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Tuesday, September 29, 1891

     5:35 P.M. W. on his bed. A storm had prevailed and passed over—sunset sublime. He had noticed the golden-green crowns of the trees. "I wondered—now I see. And it is cooler." Yet not much cooler? "But anything is much, after what we have had. As with the man whose back would break if another straw was added." Had passed a "pretty good day" and was on the bed only "for the change it gives" him. "Wallace writes me very industriously. I get about two letters a day from him. Got one this morning and another only a few minutes ago. He is coming down now—is turned our way. But when to get here I don't know." And told me somewhat in detail what would be Wallace's movements.

     On the bed the new sheets for McKay, with some "printerial directions." "I don't think I will write Dave a note. You see him—talk with him. We have had pretty definite talks. You know my notions. Make him understand them. I have to trust mainly to you anyway." Was he done with Forman's letter yet? "No, I want to read it again. Then you shall have it. I have sent the books, with them a loose copy of 'Two Rivulets.' The other book impossible."

     Spoke to W. of the report years ago that Walt Whitman was dead—killed in a railroad accident at Croton. Mrs. O'Connor showed me a long obituary notice. "Yes," says W., "that was in the New York World. I was treated at some length, but as a curio. It was very funny. I was not dead, in spite of all. I was going along Pennsylvania Avenue one day—in my usual easy-go-lucky way—this way and that—taking in people, the stores, the sky—when a young fellow in Taylor's bookstore (I knew him well, he was a good fellow) seeing me pass, rushed to the door, called after me, 'Here, you, Walt Whitman, what are you doing, roaming the streets in this style. You've no right to do that—you're dead!' I looked back at him, thought he was into some mischief, saying, 'I suppose you mean that for wit, but I don't see the wit of it.' But he insisted, 'Never mind, you are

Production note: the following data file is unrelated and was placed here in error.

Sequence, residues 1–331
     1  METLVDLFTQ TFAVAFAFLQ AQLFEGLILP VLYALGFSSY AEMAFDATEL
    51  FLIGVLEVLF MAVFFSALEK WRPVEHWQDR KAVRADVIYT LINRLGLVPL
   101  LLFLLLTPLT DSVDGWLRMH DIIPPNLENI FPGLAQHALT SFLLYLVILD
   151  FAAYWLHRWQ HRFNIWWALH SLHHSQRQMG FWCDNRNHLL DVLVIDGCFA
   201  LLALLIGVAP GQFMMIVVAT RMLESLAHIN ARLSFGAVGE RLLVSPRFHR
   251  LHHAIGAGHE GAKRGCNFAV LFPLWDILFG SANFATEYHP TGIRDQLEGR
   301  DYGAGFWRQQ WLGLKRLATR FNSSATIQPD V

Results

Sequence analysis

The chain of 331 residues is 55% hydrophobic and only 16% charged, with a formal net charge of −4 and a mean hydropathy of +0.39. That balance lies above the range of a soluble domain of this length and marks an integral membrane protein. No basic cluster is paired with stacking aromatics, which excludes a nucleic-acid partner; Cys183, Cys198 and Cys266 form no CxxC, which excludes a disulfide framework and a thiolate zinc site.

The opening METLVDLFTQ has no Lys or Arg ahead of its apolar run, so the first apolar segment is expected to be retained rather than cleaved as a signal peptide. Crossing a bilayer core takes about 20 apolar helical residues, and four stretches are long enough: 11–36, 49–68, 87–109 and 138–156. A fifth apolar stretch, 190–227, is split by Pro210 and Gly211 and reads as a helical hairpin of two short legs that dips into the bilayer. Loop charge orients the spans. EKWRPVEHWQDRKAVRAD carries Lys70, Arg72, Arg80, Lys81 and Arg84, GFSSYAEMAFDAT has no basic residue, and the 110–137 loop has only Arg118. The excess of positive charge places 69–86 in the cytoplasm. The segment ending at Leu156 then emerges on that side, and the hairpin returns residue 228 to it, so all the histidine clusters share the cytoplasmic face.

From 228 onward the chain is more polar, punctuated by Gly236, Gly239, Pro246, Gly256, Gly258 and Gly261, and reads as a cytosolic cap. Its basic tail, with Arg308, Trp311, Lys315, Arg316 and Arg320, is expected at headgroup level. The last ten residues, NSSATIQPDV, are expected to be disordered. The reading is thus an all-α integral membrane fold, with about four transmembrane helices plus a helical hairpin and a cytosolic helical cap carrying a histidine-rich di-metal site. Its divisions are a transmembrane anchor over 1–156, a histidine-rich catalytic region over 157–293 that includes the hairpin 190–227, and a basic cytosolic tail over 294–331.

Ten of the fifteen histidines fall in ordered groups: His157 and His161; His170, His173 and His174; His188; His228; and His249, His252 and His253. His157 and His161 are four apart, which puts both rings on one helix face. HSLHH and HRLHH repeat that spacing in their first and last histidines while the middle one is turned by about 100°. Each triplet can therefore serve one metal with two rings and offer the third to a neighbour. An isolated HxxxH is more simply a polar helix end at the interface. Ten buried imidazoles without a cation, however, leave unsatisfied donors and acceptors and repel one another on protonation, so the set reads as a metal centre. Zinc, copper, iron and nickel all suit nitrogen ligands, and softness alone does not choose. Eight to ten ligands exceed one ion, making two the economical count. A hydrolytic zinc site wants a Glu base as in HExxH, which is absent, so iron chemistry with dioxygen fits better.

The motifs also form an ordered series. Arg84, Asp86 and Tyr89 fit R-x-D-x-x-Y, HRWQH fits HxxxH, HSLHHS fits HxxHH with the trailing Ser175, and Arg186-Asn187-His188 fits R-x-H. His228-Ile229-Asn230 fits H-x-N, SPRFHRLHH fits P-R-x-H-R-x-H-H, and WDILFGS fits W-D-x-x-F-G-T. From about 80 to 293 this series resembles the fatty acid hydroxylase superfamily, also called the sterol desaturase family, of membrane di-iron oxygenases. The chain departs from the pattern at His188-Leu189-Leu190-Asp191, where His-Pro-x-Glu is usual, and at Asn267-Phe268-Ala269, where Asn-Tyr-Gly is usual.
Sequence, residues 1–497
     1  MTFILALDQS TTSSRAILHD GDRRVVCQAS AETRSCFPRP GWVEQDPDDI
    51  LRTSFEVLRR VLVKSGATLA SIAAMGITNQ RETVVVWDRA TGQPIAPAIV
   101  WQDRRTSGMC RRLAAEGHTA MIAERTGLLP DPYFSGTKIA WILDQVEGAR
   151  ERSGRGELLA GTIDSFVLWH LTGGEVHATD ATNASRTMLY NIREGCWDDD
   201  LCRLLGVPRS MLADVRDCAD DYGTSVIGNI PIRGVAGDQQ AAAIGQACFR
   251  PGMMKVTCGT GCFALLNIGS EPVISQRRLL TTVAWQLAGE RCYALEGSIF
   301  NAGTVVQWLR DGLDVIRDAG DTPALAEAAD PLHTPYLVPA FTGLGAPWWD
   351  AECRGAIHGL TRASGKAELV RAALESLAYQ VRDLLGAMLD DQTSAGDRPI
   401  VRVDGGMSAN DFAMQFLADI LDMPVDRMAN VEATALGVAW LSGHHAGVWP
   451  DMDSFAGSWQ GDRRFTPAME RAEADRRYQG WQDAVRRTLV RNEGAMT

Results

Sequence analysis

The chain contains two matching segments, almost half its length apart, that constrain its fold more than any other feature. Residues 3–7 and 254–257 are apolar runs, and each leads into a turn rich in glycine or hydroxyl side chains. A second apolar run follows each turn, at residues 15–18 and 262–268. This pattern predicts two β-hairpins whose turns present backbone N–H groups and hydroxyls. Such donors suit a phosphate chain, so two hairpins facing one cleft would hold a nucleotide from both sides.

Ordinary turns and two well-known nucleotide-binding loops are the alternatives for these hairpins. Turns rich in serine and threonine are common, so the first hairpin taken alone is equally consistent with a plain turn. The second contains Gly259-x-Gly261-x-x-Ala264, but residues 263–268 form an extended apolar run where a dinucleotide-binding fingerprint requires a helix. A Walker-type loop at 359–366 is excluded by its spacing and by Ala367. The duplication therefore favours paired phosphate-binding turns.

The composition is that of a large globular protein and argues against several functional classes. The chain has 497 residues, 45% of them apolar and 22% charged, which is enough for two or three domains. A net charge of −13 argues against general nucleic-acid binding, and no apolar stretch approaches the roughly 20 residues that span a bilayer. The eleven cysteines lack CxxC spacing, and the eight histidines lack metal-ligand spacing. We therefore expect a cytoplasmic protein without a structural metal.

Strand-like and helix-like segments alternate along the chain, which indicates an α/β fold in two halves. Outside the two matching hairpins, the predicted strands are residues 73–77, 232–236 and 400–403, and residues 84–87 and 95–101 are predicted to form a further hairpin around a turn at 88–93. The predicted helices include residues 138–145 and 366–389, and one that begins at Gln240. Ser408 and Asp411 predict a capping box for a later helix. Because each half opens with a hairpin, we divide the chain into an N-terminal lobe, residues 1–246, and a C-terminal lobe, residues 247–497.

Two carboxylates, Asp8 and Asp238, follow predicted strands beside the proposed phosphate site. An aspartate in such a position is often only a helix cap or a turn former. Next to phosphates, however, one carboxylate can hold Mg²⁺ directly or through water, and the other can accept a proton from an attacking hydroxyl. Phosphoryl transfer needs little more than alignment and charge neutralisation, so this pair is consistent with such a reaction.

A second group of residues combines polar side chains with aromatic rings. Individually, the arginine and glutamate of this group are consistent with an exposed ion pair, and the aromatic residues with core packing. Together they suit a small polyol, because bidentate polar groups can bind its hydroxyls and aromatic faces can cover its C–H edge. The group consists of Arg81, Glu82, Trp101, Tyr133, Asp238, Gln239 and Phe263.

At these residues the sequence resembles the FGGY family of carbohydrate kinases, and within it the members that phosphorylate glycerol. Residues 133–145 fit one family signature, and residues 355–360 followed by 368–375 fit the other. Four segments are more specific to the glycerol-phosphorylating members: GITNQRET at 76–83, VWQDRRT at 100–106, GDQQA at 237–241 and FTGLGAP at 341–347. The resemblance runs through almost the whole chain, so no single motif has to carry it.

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dead—dead. Yes, dead and buried, and here is the whole story of it,'
which was said in a way to induce me to go back, he taking me in and showing me the paper. It was quite funny. I enjoyed it to the best."
I had known Philadelphia papers in 1888 with obituaries set up and afterwards to be distributed. W. laughingly, "I suppose, and it was bad to disappoint them. But we had to do it, 'for reasons.' Jennie Gilder wrote me about that time, asked me about some dates, saying very frankly, 'You are an old printer and will appreciate my position,' she having an order to write one up, have me ready, I think for the Herald." After a pause, "If things keep on I suppose there'll be a big batch of stuff to memoir me with. The French, they say, excel in that—have funds and funds of it—memoirs to serve is a literal rendering of their words. I understand that Paris—the institutions there—are full of everything, every treasure, in that direction—art, literature, science—every way. Yes, yes, the French notion is very alert—full of flash, brilliant. But sometimes too prone to turn serious things to levity. Heine had a touch of that, but was saved by the seriousness of his nature. I detect even in his wit sadness, melancholy, a pensive strain: his most determined sallies mellowed by feeling. Noble gifted fellow! A child always nature's—always!"

     Somehow the talk reached immortality, W. saying, "You are right. It is personal identity—the whole question hinges there. And who knows, to be sure! Yes! Yes! Horace, the scientific men, theirs is the true attitude! Sweet to me, full of the modesties of opinion. Of course, we don't know, neither do I know if other worlds than this are inhabited. Yet I am as sure they are as that we talk about it here together this minute. Yet we do not know, there are senses in which we do not know—I know and I don't know. The Colonel? No, I don't think it denial. Like the scientific men, he says he don't know—that's not denial. Indeed, I take it as the noblest, most splendid yes: a yes to honesty, anyway, which, as things go here, is the preciousest possession of all." He alluded to some of the Colonel's repartees. "It is foolish

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for anybody to open the way for his lance. He gets to the heart, everytime—has an aim, precision—oh! excelling any in anybody else, anywhere, our time!"


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